Grimm D.,TU Chemnitz |
Grimm D.,Institute for Integrative Materials |
Wilson R.B.,University of Illinois at Urbana - Champaign |
Teshome B.,Institute for Integrative Materials |
And 9 more authors.
Nano Letters | Year: 2014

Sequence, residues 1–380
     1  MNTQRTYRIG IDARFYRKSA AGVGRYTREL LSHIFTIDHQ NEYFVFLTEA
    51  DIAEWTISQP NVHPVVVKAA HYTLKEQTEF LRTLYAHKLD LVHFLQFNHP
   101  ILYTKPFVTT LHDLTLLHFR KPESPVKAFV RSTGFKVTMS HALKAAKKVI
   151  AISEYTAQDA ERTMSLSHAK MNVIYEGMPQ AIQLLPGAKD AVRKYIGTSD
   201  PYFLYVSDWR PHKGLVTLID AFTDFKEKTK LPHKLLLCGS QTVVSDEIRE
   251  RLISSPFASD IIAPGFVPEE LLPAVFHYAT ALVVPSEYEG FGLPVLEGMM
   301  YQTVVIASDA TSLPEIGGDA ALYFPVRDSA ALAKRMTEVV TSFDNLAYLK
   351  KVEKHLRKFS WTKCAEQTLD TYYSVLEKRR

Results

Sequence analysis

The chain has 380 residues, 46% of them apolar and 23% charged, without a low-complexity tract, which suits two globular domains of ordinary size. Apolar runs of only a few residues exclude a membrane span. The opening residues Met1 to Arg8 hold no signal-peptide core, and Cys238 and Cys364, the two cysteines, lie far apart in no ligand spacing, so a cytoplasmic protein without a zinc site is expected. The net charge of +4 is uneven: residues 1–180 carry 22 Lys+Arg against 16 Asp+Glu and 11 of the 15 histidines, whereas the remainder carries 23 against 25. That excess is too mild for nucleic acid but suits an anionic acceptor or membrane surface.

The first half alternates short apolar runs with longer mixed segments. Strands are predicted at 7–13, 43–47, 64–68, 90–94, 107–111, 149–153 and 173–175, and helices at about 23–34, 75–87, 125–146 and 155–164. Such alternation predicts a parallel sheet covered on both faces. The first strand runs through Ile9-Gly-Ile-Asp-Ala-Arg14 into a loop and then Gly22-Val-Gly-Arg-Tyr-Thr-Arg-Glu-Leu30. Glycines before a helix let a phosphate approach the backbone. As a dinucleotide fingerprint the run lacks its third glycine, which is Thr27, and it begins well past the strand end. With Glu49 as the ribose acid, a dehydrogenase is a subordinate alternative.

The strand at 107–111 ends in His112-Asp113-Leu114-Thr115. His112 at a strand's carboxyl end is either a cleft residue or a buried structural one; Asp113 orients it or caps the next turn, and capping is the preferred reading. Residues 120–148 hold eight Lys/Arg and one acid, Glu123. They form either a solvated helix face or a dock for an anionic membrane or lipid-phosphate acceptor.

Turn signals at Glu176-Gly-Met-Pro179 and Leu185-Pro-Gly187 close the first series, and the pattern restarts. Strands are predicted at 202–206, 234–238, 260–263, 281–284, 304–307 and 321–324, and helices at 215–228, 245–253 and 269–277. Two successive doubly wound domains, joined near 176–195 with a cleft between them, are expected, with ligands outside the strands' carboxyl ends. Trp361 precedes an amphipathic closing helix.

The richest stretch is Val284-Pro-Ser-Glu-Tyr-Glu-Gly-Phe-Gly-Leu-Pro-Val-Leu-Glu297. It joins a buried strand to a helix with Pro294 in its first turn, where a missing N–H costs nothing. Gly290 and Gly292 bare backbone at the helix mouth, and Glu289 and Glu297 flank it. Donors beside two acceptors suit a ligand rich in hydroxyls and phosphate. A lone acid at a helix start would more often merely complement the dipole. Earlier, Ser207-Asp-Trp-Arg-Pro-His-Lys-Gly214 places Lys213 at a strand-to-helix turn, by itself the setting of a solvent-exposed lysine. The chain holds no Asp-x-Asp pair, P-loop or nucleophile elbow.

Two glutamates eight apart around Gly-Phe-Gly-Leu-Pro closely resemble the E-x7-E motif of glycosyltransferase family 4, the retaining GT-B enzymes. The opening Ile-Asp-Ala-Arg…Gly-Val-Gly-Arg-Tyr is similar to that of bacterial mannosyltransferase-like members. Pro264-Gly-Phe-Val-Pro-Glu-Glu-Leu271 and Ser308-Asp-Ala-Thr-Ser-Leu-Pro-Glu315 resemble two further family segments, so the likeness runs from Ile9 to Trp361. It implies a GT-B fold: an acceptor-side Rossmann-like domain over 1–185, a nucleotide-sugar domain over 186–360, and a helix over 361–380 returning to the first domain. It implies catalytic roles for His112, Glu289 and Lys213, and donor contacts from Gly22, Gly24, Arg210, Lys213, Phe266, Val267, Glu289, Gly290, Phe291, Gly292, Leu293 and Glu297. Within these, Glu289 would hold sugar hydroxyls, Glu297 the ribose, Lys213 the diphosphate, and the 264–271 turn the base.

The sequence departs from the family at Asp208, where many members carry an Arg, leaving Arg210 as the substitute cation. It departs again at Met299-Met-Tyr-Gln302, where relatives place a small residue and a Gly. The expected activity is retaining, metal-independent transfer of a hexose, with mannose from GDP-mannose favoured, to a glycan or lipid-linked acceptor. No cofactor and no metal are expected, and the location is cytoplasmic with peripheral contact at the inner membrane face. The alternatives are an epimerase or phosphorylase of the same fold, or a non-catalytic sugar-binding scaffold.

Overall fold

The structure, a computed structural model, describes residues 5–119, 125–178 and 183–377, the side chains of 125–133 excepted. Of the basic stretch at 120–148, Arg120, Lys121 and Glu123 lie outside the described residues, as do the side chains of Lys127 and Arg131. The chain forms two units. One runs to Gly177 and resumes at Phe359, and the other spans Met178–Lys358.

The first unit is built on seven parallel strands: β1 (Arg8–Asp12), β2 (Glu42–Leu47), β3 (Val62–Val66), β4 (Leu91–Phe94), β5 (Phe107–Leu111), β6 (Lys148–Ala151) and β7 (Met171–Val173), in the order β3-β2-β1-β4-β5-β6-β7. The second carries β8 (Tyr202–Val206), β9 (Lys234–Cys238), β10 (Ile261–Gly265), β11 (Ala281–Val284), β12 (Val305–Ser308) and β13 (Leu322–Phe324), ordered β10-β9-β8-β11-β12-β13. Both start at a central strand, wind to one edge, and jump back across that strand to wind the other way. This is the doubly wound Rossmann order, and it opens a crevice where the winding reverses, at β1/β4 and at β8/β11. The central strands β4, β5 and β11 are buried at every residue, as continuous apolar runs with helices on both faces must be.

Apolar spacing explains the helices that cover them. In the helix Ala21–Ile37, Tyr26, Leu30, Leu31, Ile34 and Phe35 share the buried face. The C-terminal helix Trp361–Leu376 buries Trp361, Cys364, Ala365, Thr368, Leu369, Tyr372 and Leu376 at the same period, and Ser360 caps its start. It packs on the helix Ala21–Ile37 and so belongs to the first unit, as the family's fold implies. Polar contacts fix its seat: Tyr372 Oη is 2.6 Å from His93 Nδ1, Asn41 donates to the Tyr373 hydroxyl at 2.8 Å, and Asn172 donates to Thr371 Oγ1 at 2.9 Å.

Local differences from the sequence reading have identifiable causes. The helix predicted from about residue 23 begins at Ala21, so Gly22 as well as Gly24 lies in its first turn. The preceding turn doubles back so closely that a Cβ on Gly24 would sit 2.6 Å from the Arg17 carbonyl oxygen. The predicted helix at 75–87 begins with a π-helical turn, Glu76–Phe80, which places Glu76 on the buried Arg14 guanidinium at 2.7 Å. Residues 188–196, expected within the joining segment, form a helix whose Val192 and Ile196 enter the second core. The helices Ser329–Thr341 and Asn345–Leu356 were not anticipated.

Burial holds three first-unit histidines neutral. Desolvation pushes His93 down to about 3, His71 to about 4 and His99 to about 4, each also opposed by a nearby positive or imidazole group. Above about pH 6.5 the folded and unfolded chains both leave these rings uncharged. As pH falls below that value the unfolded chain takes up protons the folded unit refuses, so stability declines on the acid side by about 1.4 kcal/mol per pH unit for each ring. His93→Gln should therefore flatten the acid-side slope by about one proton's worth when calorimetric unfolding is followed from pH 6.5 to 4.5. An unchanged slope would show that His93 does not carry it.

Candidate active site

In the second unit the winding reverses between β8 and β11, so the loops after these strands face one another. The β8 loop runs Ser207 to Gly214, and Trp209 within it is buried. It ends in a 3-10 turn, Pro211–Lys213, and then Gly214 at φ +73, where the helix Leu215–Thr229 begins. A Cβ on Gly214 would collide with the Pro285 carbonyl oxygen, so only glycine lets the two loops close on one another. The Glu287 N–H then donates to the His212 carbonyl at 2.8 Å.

The decrease of thermal conductivity is crucial for the development of efficient thermal energy converters. Systems composed of a periodic set of very thin layers show among the smallest thermal conductivities reported to-date. Here, we fabricate in an unconventional but straightforward way hybrid superlattices consisting of a large number of nanomembranes mechanically stacked on top of each other. The superlattices can consist of an arbitrary composition of n- or p-type doped single-crystalline semiconductors and a polycrystalline metal layer. These hybrid multilayered systems are fabricated by taking advantage of the self-rolling technique. First, differentially strained nanomembranes are rolled into three-dimensional microtubes with multiple windings. By applying vertical pressure, the tubes are then compressed and converted into a planar hybrid superlattice. The thermal measurements show a substantial reduction of the cross-sectional heat transport through the nanomembrane superlattice compared to a single nanomembrane layer. Time-domain thermoreflectance measurements yield thermal conductivity values below 2 W m-1 K-1. Compared to bulk values, this represents a reduction of 2 orders of magnitude by the incorporation of the mechanically joined interfaces. The scanning thermal atomic force microscopy measurements support the observation of reduced thermal transport on top of the superlattices. In addition, small defects with a spatial resolution of ∼100 nm can be resolved in the thermal maps. The low thermal conductivity reveals the potential of this approach to fabricate miniaturized on-chip solutions for energy harvesters in, e.g., microautonomous systems. © 2014 American Chemical Society. Source